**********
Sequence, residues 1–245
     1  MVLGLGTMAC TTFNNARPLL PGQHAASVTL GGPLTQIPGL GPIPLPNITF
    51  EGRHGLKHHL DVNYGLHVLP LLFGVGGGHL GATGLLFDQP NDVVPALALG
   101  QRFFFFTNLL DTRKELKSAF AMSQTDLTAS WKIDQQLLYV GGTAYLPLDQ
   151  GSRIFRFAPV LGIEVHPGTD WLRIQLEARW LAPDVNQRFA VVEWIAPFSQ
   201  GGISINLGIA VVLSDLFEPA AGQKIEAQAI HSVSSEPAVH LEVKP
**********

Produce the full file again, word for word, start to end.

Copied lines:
Sequence, residues 1–245
     1  MVLGLGTMAC TTFNNARPLL PGQHAASVTL GGPLTQIPGL GPIPLPNITF
    51  EGRHGLKHHL DVNYGLHVLP LLFGVGGGHL GATGLLFDQP NDVVPALALG
   101  QRFFFFTNLL DTRKELKSAF AMSQTDLTAS WKIDQQLLYV GGTAYLPLDQ
   151  GSRIFRFAPV LGIEVHPGTD WLRIQLEARW LAPDVNQRFA VVEWIAPFSQ
   201  GGISINLGIA VVLSDLFEPA AGQKIEAQAI HSVSSEPAVH LEVKP